The decision to privatise the railways was based on "dogma" and large parts of them be taken back into public ownership if Labour wins the general election, Ed Miliband has announced.
The Labour leader said the party would let the public sector challenge private operators to take on the running of rail franchises, arguing it would improve the service for passengers and end the situation where foreign state-owned foreign companies could compete to run trains in the UK without competition from a British equivalent.
The move was announced as Miliband attempted to distance himself from the New Labour era of Tony Blair and Gordon Brown, promising the party would tackle inequality while taking a responsible approach to the nation's finances in a time of continuing pressure on public spending.
Sources said an agreement on the rail policy was "pretty much a done deal" at the party's National Policy Forum (NPF) in Milton Keynes, which is thrashing out the details of plans which could find their way into the party's manifesto next year.
The package has faced resistance from grassroots activists and trade unionists who have been pressing for a return to full re-nationalisation.
In a keynote speech to the NPF, Miliband said the decision to privatise the rail network was based on "dogma" rather than for the benefit of passengers.
He said: "Too often, we know the experience, it put the profits into the private sector and put the risk onto the government.
"We know East Coast has worked in public hands, so on the basis of value for money let's extend that idea and let the public sector challenge to take on new lines.
"Let's end the situation where you can be a European public rail company and run lines, but not if you are a public operator from Britain.
"Let's together set a new course for our railways which will be better for the taxpayer and properly serve passengers."
During the speech, Miliband also set out his plan for a "new settlement" with the British people, with measures aimed at tackling inequality but accepting that Labour could not return to being a party of "big spending".
It was, he claimed, a "programme which has at its heart our commitment to build a wholly new economy, fit for the 21st century".
"It is a plan for economic transformation, a new settlement that is not less ambitious because we live in a time of scarcity, but is more radical, more ambitious because it sets a new direction for Britain."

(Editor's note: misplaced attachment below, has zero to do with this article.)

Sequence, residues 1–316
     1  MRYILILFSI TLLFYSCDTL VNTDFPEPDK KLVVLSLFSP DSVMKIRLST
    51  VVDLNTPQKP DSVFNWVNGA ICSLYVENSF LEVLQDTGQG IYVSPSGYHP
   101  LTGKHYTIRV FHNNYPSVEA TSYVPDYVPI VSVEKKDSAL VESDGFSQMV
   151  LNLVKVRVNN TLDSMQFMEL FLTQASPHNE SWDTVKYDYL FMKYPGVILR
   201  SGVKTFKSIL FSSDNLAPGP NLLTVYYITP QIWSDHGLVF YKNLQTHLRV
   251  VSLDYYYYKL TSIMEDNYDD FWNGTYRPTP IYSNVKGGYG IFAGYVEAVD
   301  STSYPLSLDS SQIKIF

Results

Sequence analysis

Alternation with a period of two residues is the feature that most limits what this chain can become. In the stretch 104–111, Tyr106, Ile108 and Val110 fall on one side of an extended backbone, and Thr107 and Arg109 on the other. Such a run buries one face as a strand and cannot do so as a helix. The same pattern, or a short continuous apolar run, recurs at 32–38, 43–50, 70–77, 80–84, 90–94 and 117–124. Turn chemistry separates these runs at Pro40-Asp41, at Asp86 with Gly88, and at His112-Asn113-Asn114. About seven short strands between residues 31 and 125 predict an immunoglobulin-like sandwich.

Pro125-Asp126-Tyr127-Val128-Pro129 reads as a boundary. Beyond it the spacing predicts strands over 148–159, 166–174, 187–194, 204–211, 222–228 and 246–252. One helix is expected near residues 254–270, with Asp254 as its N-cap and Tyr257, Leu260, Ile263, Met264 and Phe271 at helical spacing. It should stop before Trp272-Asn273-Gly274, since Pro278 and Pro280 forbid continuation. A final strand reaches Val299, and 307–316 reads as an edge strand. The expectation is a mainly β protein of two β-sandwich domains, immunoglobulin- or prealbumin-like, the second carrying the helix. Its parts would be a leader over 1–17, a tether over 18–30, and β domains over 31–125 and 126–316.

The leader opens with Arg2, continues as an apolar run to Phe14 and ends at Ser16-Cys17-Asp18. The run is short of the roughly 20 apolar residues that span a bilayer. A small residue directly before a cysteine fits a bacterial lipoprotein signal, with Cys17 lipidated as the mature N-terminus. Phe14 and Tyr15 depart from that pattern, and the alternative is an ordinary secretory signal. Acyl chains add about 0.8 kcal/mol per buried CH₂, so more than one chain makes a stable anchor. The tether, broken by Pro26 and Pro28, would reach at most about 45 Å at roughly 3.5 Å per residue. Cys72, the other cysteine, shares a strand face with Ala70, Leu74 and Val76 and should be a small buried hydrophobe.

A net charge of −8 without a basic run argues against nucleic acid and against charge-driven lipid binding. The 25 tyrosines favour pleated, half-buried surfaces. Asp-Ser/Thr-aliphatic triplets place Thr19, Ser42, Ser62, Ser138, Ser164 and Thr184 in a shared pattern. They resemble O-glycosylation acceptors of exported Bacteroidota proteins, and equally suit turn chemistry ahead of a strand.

It was "moving on from New Labour" but "not going back to old Labour".
He said the party was "moving on from a belief that rising inequality is just a fact of life" or that "there is nothing we can do about markets that aren't fair".
He insisted the new settlement involved "not seeing big spending as the answer" as he confirmed Labour would implement a binding commitment to balancing the books.
The Tories, he claimed, wanted a "race to the bottom", with British workers facing "low wages, zero hours, bad terms and conditions".
But he acknowledged that while the problems facing low earners had got worse under the Tories, they had started before David Cameron entered No 10.
He said: "They won't simply be fixed by the recovery and the answer cannot be our traditional answer either, of spending to fix the problem.
"You know and I know we won't have the money."
He added: "For all of the cuts, all of the pain under this government, Britain still has a deficit to deal with and a debt to pay down.
"That's why our programme starts with a binding commitment to balancing the books in the next government.
"We will get the national debt falling as soon as possible in the next parliament. And we will deliver a surplus on the current budget."
Liberal Democrat Treasury Chief Secretary Danny Alexander said: "Ed Miliband is neither credible, nor convincing, when it comes to the economy.
"He talks about 'balancing the books' but knows in Government Labour nearly bankrupted Britain.
"Labour was a liability at the controls of the economy, but thanks to the Lib Dems in Coalition we are slowly but surely cleaning up their mess."Suggest a correction